Online rights experts later suggested that the company could have suspended the accounts or pages of commenters promoting violence, rather than taking the page down altogether. In the social media ecosystem, these details matter – free expression is better preserved when harmful speech can be targeted at the level of the individual, rather than an entire page or platform. But it was understood that Facebook removed the page in an effort to extinguish violent and hateful language, and the potential real-life consequences that it could have triggered. It is troubling to see now that Facebook is not following the same standards when it comes to the recent pages.
In an interview, Global Voices asked Monika Bickert, Facebook Head of Global Policy Management, to explain why this page isn’t a violation of community standards. She responded: “We clearly list the characteristics that we consider to be hate speech, and if it doesn’t come under one of those categories, we don’t consider it hate speech under our policies.”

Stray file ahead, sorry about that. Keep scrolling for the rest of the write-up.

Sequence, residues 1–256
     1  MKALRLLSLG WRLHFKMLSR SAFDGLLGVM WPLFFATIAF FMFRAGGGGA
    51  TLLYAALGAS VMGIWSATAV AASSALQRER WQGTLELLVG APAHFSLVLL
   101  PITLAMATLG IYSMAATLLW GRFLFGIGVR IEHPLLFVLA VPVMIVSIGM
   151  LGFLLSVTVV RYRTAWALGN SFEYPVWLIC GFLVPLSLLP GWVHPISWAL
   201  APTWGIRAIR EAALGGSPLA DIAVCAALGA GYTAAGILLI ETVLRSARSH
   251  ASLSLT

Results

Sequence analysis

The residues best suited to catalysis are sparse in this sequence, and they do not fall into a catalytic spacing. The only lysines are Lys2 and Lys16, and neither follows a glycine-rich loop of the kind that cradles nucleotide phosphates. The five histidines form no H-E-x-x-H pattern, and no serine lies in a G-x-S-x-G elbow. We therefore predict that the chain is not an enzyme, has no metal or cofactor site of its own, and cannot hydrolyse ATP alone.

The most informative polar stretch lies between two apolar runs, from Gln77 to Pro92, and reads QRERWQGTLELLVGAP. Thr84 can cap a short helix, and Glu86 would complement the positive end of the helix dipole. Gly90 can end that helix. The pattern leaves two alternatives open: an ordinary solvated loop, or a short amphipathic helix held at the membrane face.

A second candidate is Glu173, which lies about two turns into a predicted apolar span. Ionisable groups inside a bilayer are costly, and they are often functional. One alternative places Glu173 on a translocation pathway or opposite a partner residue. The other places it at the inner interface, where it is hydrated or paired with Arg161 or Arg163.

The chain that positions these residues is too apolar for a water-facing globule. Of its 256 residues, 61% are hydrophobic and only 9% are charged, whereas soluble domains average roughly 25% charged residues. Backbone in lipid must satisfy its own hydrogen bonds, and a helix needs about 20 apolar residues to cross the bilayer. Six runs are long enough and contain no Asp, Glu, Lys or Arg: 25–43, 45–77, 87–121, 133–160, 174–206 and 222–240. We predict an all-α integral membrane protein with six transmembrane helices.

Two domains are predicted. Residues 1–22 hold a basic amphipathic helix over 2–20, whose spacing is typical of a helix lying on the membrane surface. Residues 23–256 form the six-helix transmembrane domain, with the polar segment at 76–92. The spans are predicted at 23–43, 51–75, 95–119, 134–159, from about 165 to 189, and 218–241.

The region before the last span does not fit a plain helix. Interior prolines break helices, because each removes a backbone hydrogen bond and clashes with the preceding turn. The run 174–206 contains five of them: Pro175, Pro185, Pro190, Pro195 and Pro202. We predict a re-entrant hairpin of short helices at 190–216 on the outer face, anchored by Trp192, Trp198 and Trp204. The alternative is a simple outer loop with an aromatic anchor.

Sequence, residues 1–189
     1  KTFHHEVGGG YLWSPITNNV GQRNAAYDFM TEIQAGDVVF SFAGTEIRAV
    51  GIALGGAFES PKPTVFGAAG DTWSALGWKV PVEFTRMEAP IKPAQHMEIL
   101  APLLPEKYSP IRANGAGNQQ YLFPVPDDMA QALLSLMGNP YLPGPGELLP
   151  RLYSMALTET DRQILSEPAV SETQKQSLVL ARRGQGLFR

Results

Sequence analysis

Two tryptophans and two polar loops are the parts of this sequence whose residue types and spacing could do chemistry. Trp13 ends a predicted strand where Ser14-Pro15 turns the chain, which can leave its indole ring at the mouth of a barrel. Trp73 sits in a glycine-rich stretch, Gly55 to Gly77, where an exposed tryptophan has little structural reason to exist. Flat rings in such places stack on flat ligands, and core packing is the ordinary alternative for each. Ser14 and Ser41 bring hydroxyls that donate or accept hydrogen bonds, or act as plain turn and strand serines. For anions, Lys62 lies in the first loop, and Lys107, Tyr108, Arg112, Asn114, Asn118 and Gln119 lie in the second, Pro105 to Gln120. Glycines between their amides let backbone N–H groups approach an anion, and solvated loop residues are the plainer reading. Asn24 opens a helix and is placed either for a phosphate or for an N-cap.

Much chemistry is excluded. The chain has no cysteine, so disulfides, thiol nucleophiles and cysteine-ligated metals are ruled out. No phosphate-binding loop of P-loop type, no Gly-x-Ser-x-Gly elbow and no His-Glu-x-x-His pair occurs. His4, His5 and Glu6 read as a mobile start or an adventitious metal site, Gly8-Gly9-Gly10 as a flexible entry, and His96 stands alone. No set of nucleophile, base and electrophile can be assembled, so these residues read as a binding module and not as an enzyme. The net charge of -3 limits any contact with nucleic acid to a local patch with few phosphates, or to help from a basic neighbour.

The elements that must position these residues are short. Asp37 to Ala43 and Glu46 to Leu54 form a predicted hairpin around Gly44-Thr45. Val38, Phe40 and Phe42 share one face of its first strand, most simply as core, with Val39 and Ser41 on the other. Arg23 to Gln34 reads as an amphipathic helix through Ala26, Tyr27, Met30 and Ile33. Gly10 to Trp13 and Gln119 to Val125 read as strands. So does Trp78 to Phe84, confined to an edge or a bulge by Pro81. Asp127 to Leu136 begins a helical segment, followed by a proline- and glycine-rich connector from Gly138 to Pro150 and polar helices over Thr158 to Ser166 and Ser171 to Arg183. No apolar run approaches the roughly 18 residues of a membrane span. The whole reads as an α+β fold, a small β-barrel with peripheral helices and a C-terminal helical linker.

Bickert spoke generally about their policies and not this specific case:
Facebook sets policies that can be implemented by a global, 24-hour staff of content reviewers. They seek to make decisions quickly and consistently[…] One of the toughest areas for Facebook is the area of hate speech. Here, Facebook is looking for characteristics that specifically target either an individual or a defined group [..] Because Pages change, unlike posts, they can be reviewed more than once. Decisions about individual pieces of content tend to be final, although can be reviewed for error.
Facebook should not serve as a platform for promoting violence against anyone
As defenders of free expression, we do not want Facebook to become a more controlled, more heavily censored platform. But we also cannot stand by and watch as this and other pages gain hundreds of followers by the day. It is not only hateful and discriminatory towards Palestinians and Arabs, it is a plain, unequivocal threat of violence towards human beings. With full recognition of the complex and delicate political context of this situation, we ask that Facebook reconsider this case and engage with us in a conversation about their decision-making process on this and other similar pages.
This story was updated at 17:10 GMT on July 11 to clarify that Mohamed Abu Khdeir was killed in a revenge attack.